Artist Spotlight: Dave Kodama |

Artist Spotlight: Dave Kodama

Dave Kodama grew up in Toronto and spent his early adulthood in British Columbia. Now he runs Kenichi Woodworking in Carbondale, where he makes everything from custom furniture to bike racks, much of which is available at The Post Independent recently caught up with him to talk about his work.

What brought you to here?

My wife’s family has been in the valley for a few generations, so when we got married she wanted to be closer to them. Moving away from Whistler, I thought I’d be moving back to British Columbia after a few years here, but I’m going on six, and it’s home now.

How did you get into wood?

I started carpentry after being a bartender and ski bum. It was a whole ’nother world. I wasn’t tied to the tourist dollar as much, and I had the opportunity to start being creative working with wood.

What attracted you to it?

It’s such a beautiful natural medium. I love everything about it — the smell of it, the feel of it, the look of it, working with it. I love that moment when you’ve created something and it’s time to put a finish on it, and the entire look of the wood becomes something completely different. It’s an evolution of the tree to the final product.

Have you found your own style?

When clients get in touch with me and leave the style and design up to me, that’s really when I get to tap into my own creativity. I like really simple clean lines without a lot of extravagant profiles.

What’s your most exciting item?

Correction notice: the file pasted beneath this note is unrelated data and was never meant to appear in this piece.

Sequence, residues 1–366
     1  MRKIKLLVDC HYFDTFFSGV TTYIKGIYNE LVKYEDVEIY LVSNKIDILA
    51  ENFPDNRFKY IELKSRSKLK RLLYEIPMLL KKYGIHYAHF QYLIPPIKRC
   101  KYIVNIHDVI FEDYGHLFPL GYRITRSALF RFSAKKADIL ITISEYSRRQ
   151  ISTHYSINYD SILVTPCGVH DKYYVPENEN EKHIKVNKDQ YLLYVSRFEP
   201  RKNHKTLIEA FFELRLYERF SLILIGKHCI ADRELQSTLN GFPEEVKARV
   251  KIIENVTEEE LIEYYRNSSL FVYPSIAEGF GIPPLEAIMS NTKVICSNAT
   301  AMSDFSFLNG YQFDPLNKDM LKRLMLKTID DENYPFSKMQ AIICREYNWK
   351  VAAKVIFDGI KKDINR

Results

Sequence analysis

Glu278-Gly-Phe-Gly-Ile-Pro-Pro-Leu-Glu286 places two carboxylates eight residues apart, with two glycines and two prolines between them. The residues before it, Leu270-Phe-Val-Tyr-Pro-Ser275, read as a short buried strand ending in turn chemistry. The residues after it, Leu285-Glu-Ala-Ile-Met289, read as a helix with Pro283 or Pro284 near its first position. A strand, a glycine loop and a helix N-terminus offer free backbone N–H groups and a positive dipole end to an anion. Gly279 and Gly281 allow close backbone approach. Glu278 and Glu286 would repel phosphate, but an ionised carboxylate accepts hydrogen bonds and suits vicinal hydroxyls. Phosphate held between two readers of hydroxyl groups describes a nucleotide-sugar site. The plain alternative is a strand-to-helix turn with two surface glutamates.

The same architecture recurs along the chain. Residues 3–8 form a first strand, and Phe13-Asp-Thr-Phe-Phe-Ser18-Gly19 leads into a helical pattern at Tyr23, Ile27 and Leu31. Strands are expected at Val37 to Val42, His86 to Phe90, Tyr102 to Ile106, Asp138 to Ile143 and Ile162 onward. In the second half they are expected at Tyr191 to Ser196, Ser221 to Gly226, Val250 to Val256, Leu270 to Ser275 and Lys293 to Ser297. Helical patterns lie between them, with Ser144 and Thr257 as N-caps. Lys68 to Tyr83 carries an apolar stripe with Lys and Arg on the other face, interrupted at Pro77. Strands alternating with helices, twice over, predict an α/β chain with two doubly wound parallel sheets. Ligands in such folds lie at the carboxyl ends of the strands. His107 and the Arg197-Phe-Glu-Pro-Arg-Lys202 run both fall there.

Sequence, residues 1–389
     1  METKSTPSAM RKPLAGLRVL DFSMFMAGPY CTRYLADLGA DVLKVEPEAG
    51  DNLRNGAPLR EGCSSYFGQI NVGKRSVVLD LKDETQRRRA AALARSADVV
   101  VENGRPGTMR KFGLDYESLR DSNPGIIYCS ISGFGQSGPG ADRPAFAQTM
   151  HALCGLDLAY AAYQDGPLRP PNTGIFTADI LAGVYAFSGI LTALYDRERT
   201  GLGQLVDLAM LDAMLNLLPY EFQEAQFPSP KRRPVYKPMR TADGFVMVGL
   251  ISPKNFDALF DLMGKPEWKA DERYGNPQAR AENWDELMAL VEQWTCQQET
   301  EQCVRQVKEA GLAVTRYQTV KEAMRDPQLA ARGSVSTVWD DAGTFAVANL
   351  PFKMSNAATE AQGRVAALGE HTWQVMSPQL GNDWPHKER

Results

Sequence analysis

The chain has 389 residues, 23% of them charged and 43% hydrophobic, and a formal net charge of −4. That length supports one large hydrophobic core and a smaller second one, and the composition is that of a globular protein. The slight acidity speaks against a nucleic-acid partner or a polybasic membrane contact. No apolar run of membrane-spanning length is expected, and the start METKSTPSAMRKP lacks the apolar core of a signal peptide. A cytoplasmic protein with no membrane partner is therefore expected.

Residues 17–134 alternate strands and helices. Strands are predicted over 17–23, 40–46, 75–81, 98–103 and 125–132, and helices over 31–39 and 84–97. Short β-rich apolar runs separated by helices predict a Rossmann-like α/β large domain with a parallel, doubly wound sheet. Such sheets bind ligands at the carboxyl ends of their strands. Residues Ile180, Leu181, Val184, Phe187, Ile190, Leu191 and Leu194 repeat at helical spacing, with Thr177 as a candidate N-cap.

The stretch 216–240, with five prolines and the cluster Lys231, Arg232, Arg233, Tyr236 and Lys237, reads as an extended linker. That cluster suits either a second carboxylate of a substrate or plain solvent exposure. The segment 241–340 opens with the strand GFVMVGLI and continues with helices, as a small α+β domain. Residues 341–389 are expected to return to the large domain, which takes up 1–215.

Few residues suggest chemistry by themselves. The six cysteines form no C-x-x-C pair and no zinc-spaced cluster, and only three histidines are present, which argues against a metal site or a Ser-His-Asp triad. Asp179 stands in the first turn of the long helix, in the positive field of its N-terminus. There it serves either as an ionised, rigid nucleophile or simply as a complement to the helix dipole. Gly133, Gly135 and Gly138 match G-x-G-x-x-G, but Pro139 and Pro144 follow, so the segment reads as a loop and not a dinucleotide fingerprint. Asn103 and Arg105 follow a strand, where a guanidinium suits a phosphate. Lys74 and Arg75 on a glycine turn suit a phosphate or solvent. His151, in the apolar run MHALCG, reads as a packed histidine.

The hats are one product I get great feedback on, from the public and professionally. I’ve always worn a lot of hats, and I always knew I wanted to integrate wood into that somehow. I did a lot of work to come up with this process. I’m collaborating with some local and national artists putting their designs on them. A lot of companies get in touch with me about using them for marketing and branding as well.

Is it hard to put a price on it?

I want my product to be attainable, but when people are looking for prices from Ikea as the norm, it can be hard to sell at a handmade price. I struggled with that for a while, but some really close friends who understand the process helped me be a bit more confident in what my product is worth.

What’s next?

I’m going to get my own laser machine. I’m outsourcing right now, and it’s holding me back from achieving my creative potential. On the furniture side, I’ve been making a lot of stuff for tiny houses. It’s a fun challenge to work with a small space and make it functional, cool and aesthetically pleasing.

Anything else to share?

My son, Josa Kenji, is definitely the most important thing in my life right now. Everything I do is for him. Our first child died shortly after childbirth, so Josa is extra special. He’s our rainbow child. He’s always had a personality, but now he’s 15 months old, and he’s tearing around. Every day is a new discovery, and it’s so amazing to watch and be a part of, and I love it.

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